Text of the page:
- Fifty-nine percent of respondents between 18 and 28 years old said they planned to use all or some of their refund to get a new or used vehicle this year. Just 26 percent of shoppers ages 66 and older who said they planned to do the same.
- Across all age groups, 43 percent of consumers planned on using all or some of their refund for a vehicle purchase.
- A quarter of respondents (25 percent) have used a refund in the past to buy a new or used vehicle.
- Thirty-nine percent of shoppers between 18 and 28 years old expected their refunds to increase. Meanwhile, just 14 percent of consumers over 65 expected their tax refund to increase.
- Fifty-eight percent of consumers 18 to 28 years old believed tax season was a good time to get a new or used vehicle. Just 32 percent of shoppers over 65 said it was a good time to buy a vehicle.
This year’s tax season could bring an unpleasant surprise for the auto industry: refunds ain’t what they used to be.
Like Christmas in April, tax refunds bring a much-needed jolt of income to millions of households across the country. Many consumers use the money for large purchases they’ve been putting off throughout the year, including a new vehicle.
A recent Autolist.com survey found that younger shoppers, in particular, are twice as likely to use their refund check from Uncle Sam on a new or used vehicle than older buyers.
But there are ominous signs that tax reform legislation passed last year could upend that practice. Not only are early refund amounts down from last year, but Autolist’s study also found that younger buyers -- the very people most inclined to spend their refund on a vehicle -- aren’t as aware of the impacts of this legislation as their older counterparts.
Autolist surveyed 1,838 current car shoppers in late January and early February to gauge how -- or if -- they planned on spending any of their tax refund on a new or used vehicle this year.
Fifty-nine percent of respondents between the ages of 18 and 28 said they planned to use all or some of their refund to get a new or used vehicle this year. That compares to just 26 percent of shoppers ages 66 and older who said they planned to do the same.
Overall -- across all age groups -- 43 percent of respondents said they planned on using all or some of their tax refund to buy a vehicle this year.
At least part of the discrepancy in spending habits is likely due to the fact that younger buyers are more reliant on their annual tax refund as a crucial influx of cash to supplement their income. Older buyers with relatively higher incomes don’t need to rely on their refunds to make large purchases like a vehicle.
Younger car shoppers were also more optimistic than their older counterparts when it came to estimating the size of their tax refund this year.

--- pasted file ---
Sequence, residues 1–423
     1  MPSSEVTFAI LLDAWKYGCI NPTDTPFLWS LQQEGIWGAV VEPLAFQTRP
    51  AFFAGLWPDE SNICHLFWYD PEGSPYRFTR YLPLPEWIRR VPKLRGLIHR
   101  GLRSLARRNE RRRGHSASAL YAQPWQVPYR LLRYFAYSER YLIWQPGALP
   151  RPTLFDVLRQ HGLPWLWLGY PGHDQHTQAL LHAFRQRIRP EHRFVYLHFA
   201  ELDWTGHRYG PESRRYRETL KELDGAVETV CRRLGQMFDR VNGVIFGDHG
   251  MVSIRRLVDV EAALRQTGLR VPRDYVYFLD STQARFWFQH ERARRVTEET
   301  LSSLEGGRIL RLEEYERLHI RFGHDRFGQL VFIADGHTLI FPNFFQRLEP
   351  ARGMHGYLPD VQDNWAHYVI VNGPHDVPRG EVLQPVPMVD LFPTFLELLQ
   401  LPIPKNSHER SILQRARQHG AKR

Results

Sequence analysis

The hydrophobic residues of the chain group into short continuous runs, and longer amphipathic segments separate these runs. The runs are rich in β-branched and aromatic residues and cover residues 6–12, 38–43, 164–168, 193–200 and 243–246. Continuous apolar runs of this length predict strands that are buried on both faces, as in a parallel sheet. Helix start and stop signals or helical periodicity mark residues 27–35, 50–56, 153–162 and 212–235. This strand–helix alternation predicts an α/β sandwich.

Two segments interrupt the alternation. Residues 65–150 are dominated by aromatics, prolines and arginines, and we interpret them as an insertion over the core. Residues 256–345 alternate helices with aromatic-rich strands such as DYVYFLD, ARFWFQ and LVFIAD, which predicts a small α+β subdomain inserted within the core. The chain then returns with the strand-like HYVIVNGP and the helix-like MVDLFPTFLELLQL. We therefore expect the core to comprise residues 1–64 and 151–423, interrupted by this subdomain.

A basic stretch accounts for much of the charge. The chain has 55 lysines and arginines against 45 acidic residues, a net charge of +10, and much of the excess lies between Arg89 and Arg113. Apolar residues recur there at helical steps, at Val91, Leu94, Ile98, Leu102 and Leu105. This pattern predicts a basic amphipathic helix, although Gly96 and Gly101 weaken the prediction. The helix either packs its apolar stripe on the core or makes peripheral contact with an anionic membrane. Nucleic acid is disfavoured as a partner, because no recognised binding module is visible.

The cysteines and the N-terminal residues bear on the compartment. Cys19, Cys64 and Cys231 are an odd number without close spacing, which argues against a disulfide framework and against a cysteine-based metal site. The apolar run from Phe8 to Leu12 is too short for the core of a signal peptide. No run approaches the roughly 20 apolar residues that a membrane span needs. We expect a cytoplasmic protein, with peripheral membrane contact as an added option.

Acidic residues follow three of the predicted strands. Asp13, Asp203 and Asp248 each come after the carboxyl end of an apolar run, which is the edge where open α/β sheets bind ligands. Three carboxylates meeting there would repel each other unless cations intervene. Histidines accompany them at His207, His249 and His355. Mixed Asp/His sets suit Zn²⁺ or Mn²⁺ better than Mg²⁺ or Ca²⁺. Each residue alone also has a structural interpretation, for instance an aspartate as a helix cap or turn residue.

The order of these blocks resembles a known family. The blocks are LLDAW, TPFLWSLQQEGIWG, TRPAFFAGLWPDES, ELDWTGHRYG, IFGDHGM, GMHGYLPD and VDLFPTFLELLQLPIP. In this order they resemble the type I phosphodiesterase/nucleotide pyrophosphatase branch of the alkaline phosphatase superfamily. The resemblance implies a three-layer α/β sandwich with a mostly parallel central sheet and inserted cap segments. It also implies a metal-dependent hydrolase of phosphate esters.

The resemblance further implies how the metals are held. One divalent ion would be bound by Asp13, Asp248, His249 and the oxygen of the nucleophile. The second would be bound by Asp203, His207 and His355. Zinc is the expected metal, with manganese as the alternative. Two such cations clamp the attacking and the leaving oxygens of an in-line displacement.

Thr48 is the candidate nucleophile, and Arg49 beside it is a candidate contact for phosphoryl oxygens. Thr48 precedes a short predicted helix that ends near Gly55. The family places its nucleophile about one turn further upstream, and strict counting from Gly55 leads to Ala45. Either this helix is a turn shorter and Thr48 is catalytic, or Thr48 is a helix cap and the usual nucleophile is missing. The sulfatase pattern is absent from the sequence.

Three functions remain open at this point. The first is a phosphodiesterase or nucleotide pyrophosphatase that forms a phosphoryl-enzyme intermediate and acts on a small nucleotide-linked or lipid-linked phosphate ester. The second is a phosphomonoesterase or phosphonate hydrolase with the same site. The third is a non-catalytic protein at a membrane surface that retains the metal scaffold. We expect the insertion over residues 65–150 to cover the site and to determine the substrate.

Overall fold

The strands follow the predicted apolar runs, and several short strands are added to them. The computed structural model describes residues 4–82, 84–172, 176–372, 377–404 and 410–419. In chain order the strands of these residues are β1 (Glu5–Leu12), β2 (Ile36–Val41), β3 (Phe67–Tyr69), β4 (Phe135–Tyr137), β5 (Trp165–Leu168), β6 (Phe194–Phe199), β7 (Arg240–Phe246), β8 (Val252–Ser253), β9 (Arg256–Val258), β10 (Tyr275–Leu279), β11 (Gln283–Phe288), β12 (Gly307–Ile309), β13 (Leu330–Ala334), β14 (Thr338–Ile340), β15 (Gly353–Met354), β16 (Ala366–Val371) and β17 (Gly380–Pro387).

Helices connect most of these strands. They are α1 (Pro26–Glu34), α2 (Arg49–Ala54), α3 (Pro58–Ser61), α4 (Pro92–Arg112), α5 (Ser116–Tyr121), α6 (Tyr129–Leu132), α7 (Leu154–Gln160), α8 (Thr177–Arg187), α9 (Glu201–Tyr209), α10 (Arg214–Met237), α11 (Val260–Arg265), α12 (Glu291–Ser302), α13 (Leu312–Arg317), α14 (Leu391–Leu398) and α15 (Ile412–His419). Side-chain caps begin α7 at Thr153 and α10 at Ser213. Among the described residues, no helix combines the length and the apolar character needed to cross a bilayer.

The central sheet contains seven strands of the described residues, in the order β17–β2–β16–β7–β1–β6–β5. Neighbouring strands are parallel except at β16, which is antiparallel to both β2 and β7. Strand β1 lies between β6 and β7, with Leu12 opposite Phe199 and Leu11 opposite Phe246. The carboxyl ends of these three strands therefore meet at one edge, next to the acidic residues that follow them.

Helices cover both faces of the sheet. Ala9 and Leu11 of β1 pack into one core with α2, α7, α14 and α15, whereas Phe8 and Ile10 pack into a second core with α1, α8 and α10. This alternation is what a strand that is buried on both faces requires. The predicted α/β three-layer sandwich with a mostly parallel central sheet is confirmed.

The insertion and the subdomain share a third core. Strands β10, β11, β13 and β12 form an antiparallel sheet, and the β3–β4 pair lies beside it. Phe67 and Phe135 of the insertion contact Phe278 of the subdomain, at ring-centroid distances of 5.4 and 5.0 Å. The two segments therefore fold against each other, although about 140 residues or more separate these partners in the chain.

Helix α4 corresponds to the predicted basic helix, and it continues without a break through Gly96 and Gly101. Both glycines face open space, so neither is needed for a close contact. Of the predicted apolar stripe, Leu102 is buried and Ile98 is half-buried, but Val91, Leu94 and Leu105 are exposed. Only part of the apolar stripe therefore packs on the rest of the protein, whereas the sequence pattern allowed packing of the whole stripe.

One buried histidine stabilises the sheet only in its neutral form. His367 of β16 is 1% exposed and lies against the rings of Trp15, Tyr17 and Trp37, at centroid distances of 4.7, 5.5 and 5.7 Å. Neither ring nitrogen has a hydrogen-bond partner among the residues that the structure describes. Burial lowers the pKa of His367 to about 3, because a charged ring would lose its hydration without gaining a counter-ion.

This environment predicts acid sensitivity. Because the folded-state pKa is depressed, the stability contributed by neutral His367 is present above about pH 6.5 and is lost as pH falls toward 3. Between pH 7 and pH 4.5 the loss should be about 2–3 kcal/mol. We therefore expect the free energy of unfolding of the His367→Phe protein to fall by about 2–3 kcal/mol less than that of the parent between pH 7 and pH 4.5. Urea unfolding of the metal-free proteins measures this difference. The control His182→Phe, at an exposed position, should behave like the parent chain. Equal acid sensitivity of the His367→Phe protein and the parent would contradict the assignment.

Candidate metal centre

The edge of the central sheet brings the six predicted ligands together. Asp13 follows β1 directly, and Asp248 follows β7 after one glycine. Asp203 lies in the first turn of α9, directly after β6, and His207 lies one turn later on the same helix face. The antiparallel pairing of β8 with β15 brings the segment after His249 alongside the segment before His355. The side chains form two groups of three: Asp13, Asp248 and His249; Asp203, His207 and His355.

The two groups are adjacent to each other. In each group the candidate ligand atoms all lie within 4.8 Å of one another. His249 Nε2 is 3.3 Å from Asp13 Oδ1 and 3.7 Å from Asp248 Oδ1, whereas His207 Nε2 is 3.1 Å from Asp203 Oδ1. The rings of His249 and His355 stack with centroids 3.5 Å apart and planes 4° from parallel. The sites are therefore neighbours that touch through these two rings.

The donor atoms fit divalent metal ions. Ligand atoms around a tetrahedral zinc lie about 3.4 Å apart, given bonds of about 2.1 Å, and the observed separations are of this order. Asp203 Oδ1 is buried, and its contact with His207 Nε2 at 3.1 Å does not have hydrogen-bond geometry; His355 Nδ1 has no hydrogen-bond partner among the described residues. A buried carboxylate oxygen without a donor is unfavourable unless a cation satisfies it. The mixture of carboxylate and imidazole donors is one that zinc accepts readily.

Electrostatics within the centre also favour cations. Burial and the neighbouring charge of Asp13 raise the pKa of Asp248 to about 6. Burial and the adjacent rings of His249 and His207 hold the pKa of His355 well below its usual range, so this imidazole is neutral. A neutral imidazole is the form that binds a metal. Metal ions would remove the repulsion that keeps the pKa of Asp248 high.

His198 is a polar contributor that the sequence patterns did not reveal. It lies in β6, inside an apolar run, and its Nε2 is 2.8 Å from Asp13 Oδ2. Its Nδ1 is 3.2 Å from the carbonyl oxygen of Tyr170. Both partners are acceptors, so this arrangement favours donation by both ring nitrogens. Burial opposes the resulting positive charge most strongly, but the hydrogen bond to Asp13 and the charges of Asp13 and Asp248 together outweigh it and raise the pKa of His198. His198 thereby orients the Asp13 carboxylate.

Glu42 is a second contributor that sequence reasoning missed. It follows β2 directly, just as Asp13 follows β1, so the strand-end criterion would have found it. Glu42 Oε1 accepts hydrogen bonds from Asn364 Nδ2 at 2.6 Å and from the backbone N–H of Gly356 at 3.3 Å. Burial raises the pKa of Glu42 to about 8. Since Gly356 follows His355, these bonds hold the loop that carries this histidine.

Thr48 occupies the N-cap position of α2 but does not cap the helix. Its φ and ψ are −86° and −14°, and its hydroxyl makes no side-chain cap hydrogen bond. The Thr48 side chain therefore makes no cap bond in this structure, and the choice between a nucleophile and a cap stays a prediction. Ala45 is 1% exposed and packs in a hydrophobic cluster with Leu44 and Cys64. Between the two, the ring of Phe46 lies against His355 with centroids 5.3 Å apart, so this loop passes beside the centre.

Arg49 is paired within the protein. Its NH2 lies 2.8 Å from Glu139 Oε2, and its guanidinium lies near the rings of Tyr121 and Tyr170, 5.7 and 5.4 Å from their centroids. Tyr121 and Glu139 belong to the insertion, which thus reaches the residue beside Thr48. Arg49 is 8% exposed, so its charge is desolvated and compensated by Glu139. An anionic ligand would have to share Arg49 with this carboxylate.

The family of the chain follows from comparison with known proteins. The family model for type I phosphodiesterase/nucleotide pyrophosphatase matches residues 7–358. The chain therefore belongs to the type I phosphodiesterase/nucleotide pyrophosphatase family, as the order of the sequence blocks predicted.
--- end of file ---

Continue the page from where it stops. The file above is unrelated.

Thirty-nine percent of shoppers between 18 and 28 years old expected their refunds to increase. That compares to just 14 percent of consumers over 65 who expected their tax refund to increase. Across all age groups, 39 percent of consumers expected their refund to increase this year.
Early tax refund data shows that the younger group could be in for a rude surprise.
According to the IRS, during the first week of returns this year, the average tax refund was down 8.4 percent and the number of people receiving refunds at all dropped by a quarter.
Much of this is being blamed on the tax reform that Congress passed last year and which President Trump signed into law. While the legislation did lead to a tax cut for many Americans, the reforms also changed numerous tax codes that could affect the size of filers’ refunds, particularly if they didn’t amend how much they had taken out of each paycheck during the year.
Older consumers were more aware of these potential changes, Autolist’s survey found.
Sixty-four percent of people over 65 years old said they knew that last year’s tax reform bill could change the size of their refund. Meanwhile, just 45 percent of 18 to 28-year-olds said they expected the same.
That could have a cooling effect on auto sales this spring; younger buyers who had been counting on a larger refund to use on a vehicle will have to readjust their finances or put off the car purchase for a while.
That might not be a bad thing. Most experts agree that tax season is generally not the best time to get a good deal on a car -- new or used.
Vehicle sales are generally strong in the months after President’s Day in February and before Memorial Day in May. Many of these sales are attributed to the sizable refund checks burning a hole in consumers’ pockets during that time. Because demand is robust, dealers are less inclined to have sales or cut deals, so if you can, wait until the end of May to do your car shopping.
But don’t tell this to younger shoppers. Autolist’s survey found that 58 percent of consumers 18 to 28 years old believed tax season was a good time to get a new or used vehicle. Older respondents were wiser; 32 percent of those polled who were over 65 said it was a good time to buy a vehicle.
Across all 1,838 respondents, an average of 48 percent of consumers thought tax season was a good time to buy a car.
Autolist also found that the idea of using tax refund monies to get a new or used vehicle was foreign to a majority of respondents. A full 72 percent said they had never done so before; 25 percent said they had used all or some of a prior year’s refund to get a vehicle, three percent were unsure.